alexa The impact of co-morbid personality disorder on use of psychiatric services and involuntary hospitalization in people with severe mental illness.


Bipolar Disorder: Open Access

Author(s): Fok ML, Stewart R, Hayes RD, Moran P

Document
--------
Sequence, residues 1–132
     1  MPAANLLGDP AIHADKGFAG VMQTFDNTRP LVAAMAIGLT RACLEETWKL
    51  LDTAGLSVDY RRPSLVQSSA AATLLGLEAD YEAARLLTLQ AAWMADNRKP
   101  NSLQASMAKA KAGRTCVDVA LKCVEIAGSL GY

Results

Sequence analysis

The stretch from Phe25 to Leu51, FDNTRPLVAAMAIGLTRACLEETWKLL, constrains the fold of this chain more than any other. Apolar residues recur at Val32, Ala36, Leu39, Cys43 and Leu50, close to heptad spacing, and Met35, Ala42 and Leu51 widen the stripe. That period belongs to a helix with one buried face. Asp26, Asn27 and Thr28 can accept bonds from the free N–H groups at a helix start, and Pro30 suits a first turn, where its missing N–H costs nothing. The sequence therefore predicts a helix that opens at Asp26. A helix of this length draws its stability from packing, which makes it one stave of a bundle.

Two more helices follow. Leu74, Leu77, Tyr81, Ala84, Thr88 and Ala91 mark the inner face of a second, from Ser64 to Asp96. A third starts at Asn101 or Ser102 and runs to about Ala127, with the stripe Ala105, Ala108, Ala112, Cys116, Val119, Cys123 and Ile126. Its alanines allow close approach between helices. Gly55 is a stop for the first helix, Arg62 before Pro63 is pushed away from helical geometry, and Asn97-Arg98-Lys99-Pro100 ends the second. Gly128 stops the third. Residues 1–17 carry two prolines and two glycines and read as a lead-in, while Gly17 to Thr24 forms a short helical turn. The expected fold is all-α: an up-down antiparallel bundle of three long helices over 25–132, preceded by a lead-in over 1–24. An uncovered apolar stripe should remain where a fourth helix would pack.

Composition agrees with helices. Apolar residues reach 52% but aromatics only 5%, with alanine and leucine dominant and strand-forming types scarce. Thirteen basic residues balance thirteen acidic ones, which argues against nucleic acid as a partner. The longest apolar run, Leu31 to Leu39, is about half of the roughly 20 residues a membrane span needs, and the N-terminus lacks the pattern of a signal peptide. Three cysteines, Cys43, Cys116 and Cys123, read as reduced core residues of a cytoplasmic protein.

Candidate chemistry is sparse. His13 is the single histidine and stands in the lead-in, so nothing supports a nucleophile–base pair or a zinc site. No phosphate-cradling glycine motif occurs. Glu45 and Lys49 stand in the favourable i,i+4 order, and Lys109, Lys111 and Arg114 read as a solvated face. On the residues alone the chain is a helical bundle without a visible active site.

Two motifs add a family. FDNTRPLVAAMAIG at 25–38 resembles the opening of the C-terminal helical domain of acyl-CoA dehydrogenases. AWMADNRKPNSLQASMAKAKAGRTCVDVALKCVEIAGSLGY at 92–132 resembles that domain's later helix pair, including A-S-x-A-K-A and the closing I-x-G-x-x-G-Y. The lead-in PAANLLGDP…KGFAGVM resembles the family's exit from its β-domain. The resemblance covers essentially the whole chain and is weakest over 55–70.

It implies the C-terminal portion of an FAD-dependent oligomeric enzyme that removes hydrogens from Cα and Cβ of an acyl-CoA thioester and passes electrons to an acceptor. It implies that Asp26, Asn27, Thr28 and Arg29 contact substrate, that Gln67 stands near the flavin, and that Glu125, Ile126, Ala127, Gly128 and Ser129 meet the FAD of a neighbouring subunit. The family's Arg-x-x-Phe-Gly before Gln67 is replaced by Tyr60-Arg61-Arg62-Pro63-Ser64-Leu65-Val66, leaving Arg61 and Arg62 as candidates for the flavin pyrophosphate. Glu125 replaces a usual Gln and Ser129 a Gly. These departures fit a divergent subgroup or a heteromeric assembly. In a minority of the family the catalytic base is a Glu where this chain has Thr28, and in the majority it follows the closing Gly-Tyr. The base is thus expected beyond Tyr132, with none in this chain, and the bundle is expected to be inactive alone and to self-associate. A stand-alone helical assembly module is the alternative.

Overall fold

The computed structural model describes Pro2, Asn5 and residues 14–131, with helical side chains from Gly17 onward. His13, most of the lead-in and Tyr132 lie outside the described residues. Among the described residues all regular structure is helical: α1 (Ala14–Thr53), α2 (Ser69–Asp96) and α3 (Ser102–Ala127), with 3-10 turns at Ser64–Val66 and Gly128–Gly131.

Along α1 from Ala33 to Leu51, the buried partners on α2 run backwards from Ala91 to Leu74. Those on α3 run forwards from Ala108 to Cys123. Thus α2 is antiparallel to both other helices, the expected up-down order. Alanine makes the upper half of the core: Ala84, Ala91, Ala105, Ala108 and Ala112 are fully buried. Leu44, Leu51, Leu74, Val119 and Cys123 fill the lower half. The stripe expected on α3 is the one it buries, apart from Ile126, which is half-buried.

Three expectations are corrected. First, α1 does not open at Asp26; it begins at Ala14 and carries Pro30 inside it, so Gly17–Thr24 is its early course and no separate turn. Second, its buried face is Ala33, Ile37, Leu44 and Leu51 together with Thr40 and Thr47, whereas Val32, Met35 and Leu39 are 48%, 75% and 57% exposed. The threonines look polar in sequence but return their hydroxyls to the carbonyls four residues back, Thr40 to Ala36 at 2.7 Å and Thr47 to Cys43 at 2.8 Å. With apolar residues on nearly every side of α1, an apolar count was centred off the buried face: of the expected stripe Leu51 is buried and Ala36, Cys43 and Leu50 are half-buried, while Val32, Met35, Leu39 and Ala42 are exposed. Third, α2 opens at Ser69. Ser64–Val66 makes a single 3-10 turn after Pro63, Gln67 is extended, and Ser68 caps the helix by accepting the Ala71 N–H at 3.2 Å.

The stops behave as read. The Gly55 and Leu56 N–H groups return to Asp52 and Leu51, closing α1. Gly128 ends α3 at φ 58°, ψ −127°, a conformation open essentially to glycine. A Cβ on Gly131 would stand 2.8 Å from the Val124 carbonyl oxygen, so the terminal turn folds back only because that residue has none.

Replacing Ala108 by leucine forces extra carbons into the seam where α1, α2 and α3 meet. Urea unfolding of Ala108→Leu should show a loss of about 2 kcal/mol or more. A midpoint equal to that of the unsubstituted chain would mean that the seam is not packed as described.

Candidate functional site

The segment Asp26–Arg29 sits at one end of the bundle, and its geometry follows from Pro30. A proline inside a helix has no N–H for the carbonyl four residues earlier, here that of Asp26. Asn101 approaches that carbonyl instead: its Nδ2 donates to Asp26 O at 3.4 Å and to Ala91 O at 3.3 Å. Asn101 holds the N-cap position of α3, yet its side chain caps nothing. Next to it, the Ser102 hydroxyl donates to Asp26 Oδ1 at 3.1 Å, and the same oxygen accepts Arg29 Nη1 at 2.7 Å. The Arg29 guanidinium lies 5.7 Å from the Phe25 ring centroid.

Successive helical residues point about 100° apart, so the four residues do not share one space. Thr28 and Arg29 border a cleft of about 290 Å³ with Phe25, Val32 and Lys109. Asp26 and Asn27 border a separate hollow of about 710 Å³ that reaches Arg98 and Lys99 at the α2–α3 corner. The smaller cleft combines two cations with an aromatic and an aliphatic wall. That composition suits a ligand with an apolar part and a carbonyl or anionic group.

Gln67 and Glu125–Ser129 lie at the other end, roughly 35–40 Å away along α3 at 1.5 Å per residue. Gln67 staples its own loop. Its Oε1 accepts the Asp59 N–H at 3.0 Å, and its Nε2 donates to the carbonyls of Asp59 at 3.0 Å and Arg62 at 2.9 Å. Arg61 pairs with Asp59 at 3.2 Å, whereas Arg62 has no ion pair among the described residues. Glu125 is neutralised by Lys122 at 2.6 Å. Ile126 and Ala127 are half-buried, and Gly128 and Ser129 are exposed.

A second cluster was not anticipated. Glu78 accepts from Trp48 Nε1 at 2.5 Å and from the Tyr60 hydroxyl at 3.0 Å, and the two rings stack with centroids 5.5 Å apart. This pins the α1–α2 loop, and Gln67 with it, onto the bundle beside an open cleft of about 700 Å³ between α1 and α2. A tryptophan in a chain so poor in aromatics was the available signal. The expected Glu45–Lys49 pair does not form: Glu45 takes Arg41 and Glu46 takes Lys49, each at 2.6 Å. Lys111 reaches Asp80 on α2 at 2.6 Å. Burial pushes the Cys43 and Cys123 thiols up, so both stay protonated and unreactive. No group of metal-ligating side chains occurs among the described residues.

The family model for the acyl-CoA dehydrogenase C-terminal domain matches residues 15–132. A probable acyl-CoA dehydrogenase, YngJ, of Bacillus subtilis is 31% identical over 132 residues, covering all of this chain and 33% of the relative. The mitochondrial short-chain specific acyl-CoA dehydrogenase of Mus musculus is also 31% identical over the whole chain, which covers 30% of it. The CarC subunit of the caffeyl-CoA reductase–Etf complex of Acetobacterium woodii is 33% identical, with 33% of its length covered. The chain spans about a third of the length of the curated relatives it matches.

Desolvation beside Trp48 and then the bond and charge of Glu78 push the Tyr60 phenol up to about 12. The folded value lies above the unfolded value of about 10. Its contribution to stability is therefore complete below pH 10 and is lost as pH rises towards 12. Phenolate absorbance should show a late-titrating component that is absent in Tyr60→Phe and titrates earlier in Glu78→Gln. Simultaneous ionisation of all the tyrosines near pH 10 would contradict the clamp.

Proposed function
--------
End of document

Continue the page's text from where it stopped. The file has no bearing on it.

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Abstract PURPOSE: To examine the impact of co-morbid personality disorder (PD), on inpatient and community-based service use and risk of involuntary hospitalization, amongst patients with severe mental illness (SMI). METHODS: We identified SMI cases (schizophrenia, schizoaffective and bipolar disorder) with and without co-morbid PD, and PD cases, aged ≥18 years, in a large secondary mental healthcare case register. Using multivariable logistic regression, we examined the association between co-morbid PD and high level of inpatient and community-based service use (defined as the top decile of service use), and involuntary hospitalization, respectively, adjusting for socio-demographics, clinical symptoms and social functioning. RESULTS: Severe mental illness patients with co-morbid PD (SMI-PD) (n = 961) had more severe symptoms and social functioning problems compared to SMI patients without PD (n = 10,963) and patients who had PD but no concurrent SMI (n = 2,309). A greater proportion of SMI-PD patients were high inpatient service users (22.4 vs. 10.1 \%). This association was attenuated but remained significant, after adjustment (fully adjusted odds ratio, OR 2.31, 95 \% CI 1.88-2.84). The association between SMI-PD and high community-based service use was confounded by symptoms and social functioning. Compared to patients with SMI, SMI-PD patients were significantly more likely to experience involuntary hospitalization (fully adjusted OR 1.56, 95 \% CI 1.31-1.85). CONCLUSIONS: In SMI patients, co-morbidity with PD is robustly associated with both high use of inpatient psychiatric services and an increased likelihood of involuntary hospitalization. Patients with SMI and co-morbid PD are likely to require tailored interventions that target both the underlying personality pathology as well as the Axis I disorder. This article was published in Soc Psychiatry Psychiatr Epidemiol and referenced in Bipolar Disorder: Open Access

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